Uddita, Uḍḍita, Uḍḍitā: 10 definitions
Uddita means something in Hinduism, Sanskrit, Buddhism, Pali. If you want to know the exact meaning, history, etymology or English translation of this term then check out the descriptions on this page. Add your comment or reference to a book if you want to contribute to this summary article.
Shaktism (Shakta philosophy)Source: Google Books: Manthanabhairavatantram
Uḍḍitā (उड्डिता) (or Oḍḍitā) means having “flown up”, according to Tantric texts such as the Kubjikāmata-tantra, the earliest popular and most authoritative Tantra of the Kubjikā cult.—Accoridngly, “[...] The goddess [i..e, Kujeśvarī] was satisfied by them (that is, the goddess [i.e., Raktā] there and her attendants) and by many ways and means (nayopāya). Then content and profound, Kujeśvarī who is endowed with the quality of discernment and whose creation (takes place) by many means said this: ‘As (I) have flown up (oḍḍitā) (here) within Oḍḍīśa, therefore this (place will be known) as Oḍḍiyānaka’.”.
The [Śrīmatottara] simply says that this is “where the Divine Command has flown up (oḍḍitā)”. The goddess flies up into the Wheel of the Sky-faring goddesses at the summit of existence. From there she will descend, as does her consort and then their spiritual offspring, to spread the teachings. The [Ṣaṭsāhasrasaṃhitā] expands the last line into the following explanation: “O fair-hipped lady, she sports there, (her) body consisting of the fifty letters. She abides constantly flying up (uḍḍitā) (as an aspect) of the totality of Speech consisting of the Subtle One (sūkṣma) and the other (levels of Speech). As (she) has flown up (uḍḍitā) within Uḍḍīśa, therefore this [place will be known] as Uḍḍiyānaka. It is the repose of the totality of Speech. Without it there is no hearing”.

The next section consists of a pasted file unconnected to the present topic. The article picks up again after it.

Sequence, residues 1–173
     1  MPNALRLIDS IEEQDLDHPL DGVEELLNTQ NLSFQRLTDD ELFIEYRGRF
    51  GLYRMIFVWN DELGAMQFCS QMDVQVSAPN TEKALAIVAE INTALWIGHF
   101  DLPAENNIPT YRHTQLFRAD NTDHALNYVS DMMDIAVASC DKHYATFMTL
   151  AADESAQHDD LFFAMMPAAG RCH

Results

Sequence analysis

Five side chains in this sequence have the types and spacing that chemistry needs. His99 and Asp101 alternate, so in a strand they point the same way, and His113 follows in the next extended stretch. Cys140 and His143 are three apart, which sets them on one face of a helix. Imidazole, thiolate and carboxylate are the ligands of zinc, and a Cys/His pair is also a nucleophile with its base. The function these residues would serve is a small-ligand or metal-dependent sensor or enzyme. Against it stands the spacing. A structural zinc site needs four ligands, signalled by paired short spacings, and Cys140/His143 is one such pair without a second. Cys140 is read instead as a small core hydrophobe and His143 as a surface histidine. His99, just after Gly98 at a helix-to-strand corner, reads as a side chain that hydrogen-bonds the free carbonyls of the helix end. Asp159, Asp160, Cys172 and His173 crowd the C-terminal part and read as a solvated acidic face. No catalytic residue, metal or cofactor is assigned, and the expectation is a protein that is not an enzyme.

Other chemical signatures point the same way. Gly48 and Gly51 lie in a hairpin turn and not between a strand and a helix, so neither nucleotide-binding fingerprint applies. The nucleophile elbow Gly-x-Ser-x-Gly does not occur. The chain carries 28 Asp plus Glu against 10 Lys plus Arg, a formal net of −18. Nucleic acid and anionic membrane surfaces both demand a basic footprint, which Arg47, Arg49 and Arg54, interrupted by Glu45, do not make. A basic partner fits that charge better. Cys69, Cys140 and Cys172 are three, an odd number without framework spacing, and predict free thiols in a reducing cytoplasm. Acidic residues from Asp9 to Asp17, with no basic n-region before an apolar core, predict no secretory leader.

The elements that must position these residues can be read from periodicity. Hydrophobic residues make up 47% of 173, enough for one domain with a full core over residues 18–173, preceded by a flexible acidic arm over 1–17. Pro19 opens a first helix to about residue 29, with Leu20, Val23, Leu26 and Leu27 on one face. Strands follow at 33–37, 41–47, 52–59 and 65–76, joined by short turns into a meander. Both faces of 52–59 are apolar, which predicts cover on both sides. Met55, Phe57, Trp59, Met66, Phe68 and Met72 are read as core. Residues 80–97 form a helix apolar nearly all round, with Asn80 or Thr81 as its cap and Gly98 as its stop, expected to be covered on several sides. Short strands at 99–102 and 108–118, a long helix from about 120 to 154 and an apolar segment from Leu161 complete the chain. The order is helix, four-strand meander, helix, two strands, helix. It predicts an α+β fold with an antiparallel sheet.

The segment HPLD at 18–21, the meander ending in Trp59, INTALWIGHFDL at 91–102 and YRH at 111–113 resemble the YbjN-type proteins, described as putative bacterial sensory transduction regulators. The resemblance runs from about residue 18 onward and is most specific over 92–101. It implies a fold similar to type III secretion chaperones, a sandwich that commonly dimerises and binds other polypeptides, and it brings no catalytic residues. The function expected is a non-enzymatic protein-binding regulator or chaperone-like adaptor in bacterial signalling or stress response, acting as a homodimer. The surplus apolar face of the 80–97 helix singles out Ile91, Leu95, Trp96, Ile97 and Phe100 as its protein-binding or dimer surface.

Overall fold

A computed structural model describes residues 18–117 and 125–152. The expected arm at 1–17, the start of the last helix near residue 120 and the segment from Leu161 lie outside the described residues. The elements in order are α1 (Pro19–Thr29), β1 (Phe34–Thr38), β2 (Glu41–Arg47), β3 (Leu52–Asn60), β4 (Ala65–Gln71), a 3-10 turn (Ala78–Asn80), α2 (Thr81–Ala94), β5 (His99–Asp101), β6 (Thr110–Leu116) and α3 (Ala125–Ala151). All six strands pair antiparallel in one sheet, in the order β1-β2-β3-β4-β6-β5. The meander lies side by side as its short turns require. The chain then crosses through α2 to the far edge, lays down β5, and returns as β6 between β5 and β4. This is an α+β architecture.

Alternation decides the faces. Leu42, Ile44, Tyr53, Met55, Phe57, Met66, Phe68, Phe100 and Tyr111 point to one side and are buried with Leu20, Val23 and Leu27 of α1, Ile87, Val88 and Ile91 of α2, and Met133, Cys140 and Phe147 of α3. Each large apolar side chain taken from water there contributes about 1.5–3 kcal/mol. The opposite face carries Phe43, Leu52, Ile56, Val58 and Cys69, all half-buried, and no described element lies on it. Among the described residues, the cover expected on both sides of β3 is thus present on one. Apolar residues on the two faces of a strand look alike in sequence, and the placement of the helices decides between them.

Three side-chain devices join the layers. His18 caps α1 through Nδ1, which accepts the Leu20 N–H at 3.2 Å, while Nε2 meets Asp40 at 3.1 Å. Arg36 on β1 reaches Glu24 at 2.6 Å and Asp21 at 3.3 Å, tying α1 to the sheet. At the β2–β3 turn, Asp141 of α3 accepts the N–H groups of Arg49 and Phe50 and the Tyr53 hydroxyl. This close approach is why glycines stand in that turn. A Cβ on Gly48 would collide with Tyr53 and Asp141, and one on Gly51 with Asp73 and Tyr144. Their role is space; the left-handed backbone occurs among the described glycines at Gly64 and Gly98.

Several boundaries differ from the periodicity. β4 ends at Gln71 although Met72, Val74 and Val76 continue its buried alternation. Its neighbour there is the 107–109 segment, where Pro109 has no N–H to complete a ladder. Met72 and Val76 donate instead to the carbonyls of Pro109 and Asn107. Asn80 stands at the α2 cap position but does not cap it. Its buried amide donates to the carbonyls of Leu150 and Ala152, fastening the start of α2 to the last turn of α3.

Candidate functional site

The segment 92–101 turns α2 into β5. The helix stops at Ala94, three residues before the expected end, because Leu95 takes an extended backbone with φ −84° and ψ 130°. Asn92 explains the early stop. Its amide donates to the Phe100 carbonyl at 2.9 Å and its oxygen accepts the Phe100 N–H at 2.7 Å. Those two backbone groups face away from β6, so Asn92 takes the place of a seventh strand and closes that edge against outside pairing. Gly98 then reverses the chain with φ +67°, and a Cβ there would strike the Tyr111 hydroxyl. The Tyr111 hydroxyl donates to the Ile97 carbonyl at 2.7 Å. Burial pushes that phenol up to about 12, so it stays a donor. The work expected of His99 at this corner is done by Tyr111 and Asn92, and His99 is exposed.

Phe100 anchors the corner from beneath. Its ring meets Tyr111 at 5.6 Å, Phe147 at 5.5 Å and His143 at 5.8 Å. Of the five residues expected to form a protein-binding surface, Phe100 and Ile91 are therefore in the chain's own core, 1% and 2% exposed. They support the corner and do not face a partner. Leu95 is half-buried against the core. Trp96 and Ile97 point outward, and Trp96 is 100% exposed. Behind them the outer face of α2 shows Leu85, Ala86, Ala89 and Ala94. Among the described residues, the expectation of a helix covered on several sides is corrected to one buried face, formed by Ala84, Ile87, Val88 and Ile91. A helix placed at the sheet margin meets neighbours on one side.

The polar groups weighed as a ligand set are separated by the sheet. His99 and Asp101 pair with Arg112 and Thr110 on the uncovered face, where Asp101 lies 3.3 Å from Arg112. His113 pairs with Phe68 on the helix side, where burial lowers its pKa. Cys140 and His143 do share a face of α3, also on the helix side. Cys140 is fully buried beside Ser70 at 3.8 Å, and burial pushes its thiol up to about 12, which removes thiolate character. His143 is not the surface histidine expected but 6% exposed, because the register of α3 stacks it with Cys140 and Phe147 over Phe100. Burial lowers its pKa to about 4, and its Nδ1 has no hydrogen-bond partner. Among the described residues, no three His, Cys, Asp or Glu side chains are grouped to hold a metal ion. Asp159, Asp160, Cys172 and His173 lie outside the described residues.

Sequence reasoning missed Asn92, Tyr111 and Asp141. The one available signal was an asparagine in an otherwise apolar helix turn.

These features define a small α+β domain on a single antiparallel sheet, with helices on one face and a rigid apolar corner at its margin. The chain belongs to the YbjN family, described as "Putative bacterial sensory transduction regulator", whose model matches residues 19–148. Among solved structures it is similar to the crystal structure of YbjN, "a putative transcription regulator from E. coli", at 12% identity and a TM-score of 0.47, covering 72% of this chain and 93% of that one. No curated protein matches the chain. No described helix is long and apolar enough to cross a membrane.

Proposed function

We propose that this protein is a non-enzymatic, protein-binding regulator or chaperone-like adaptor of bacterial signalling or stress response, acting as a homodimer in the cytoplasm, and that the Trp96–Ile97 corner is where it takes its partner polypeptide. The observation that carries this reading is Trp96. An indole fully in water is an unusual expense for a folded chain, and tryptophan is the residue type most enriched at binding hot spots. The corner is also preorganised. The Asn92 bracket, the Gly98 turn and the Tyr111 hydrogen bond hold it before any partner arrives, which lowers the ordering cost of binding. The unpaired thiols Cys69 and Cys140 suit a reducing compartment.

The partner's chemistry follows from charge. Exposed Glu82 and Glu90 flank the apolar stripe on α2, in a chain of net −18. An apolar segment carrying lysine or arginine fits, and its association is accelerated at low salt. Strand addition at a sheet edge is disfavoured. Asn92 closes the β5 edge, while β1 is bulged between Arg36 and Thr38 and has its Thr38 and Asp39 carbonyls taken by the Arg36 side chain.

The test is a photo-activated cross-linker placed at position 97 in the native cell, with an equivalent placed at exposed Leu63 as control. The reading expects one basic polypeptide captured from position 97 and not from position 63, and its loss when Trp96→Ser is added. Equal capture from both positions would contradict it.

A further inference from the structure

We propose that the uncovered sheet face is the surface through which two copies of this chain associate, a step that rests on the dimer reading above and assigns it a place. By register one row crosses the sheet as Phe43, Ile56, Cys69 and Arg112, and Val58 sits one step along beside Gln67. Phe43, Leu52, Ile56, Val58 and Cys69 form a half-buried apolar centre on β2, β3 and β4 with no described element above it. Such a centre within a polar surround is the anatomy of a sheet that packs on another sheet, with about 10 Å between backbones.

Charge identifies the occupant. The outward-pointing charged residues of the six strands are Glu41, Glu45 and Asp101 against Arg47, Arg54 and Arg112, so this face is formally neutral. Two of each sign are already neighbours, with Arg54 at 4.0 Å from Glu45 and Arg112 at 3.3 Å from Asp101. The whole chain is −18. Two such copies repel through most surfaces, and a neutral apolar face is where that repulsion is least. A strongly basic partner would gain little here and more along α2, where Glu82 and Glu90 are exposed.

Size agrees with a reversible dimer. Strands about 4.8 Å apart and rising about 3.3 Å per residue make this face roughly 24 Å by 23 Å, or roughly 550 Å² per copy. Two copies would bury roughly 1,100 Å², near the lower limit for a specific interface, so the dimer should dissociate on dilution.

Shakta (शाक्त, śākta) or Shaktism (śāktism) represents a tradition of Hinduism where the Goddess (Devi) is revered and worshipped. Shakta literature includes a range of scriptures, including various Agamas and Tantras, although its roots may be traced back to the Vedas.
Languages of India and abroad
Pali-English dictionarySource: BuddhaSasana: Concise Pali-English Dictionary
uḍḍita : (pp. of uḍḍahati) burned up.Source: Sutta: The Pali Text Society's Pali-English Dictionary
Uḍḍita, (pp. of uḍḍeti2) ensnared (?), bound, tied up S. I, 40 (= taṇhāya ullaṅghita C.; trsld. “the world is all strung up”). (Page 129)
Pali is the language of the Tipiṭaka, which is the sacred canon of Theravāda Buddhism and contains much of the Buddha’s speech. Closeley related to Sanskrit, both languages are used interchangeably between religions.
Sanskrit dictionarySource: DDSA: The practical Sanskrit-English dictionary
Uddita (उद्दित).—a. [ud-do-kta] Tied, bound.Source: Cologne Digital Sanskrit Dictionaries: Shabda-Sagara Sanskrit-English Dictionary
(-taḥ-tā-taṃ) Bound, tied. E. ud up, do to cut, and kta affix; also udita.Source: Cologne Digital Sanskrit Dictionaries: Monier-Williams Sanskrit-English Dictionary
Uddita (उद्दित):—[=ud-dita] [from ud-dā] mfn. bound, tied, [cf. Lexicographers, esp. such as amarasiṃha, halāyudha, hemacandra, etc.]Source: Cologne Digital Sanskrit Dictionaries: Yates Sanskrit-English Dictionary
Uddita (उद्दित):—[uddi+ta] (taḥ-tā-taṃ) p. Bound.Source: DDSA: Paia-sadda-mahannavo; a comprehensive Prakrit Hindi dictionary (S)
Uḍḍīta (उड्डीत) in the Sanskrit language is related to the Prakrit word: Uḍḍiya.
[Sanskrit to German]
Sanskrit, also spelled संस्कृतम् (saṃskṛtam), is an ancient language of India commonly seen as the grandmother of the Indo-European language family (even English!). Closely allied with Prakrit and Pali, Sanskrit is more exhaustive in both grammar and terms and has the most extensive collection of literature in the world, greatly surpassing its sister-languages Greek and Latin.
Kannada-English dictionarySource: Alar: Kannada-English corpus
Uddita (ಉದ್ದಿತ):—[adjective] bound; tided to; fixed.
Kannada is a Dravidian language (as opposed to the Indo-European language family) mainly spoken in the southwestern region of India.
See also (Relevant definitions)
Starts with: Uddita Sutta.
Ends with: Samuddita.
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